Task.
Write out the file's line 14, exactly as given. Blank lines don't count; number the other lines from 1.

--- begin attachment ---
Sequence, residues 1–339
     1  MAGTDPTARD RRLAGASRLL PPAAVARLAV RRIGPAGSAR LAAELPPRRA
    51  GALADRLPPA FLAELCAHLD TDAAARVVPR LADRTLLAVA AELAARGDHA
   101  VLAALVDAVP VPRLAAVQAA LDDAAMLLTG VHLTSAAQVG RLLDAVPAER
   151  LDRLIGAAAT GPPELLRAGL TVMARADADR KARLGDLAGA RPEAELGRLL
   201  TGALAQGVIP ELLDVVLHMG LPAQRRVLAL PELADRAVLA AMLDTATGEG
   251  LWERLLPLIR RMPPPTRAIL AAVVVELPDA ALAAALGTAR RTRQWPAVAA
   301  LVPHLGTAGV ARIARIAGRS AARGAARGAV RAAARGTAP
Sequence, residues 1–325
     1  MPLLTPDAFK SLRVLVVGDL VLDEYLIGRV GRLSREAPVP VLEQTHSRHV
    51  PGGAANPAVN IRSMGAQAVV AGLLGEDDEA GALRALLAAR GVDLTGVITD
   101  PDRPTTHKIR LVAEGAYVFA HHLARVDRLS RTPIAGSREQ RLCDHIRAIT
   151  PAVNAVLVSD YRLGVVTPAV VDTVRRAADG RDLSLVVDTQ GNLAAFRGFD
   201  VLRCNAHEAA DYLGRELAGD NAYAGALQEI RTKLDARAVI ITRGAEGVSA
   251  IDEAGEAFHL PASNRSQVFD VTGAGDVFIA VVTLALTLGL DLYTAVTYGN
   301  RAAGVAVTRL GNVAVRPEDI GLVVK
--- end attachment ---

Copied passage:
   201  VLRCNAHEAA DYLGRELAGD NAYAGALQEI RTKLDARAVI ITRGAEGVSA